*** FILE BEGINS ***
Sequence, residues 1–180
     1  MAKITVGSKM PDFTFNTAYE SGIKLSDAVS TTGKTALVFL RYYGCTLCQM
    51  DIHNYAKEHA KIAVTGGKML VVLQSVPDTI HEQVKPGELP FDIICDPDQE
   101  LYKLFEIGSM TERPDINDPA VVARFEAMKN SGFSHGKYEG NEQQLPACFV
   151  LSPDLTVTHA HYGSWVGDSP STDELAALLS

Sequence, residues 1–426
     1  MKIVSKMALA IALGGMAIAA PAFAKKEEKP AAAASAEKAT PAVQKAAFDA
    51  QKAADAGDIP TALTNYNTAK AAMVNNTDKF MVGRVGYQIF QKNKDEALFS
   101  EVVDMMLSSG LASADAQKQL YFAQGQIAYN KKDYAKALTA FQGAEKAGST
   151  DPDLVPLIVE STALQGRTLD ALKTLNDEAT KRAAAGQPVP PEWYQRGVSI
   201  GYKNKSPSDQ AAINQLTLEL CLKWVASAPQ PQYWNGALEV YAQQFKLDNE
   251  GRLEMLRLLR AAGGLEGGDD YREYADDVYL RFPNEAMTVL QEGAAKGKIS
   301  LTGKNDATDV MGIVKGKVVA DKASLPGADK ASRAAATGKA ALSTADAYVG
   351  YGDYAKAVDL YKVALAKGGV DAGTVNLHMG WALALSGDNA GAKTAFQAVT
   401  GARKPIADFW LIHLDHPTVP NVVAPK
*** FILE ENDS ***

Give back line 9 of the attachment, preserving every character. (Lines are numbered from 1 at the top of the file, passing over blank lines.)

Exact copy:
   101  EVVDMMLSSG LASADAQKQL YFAQGQIAYN KKDYAKALTA FQGAEKAGST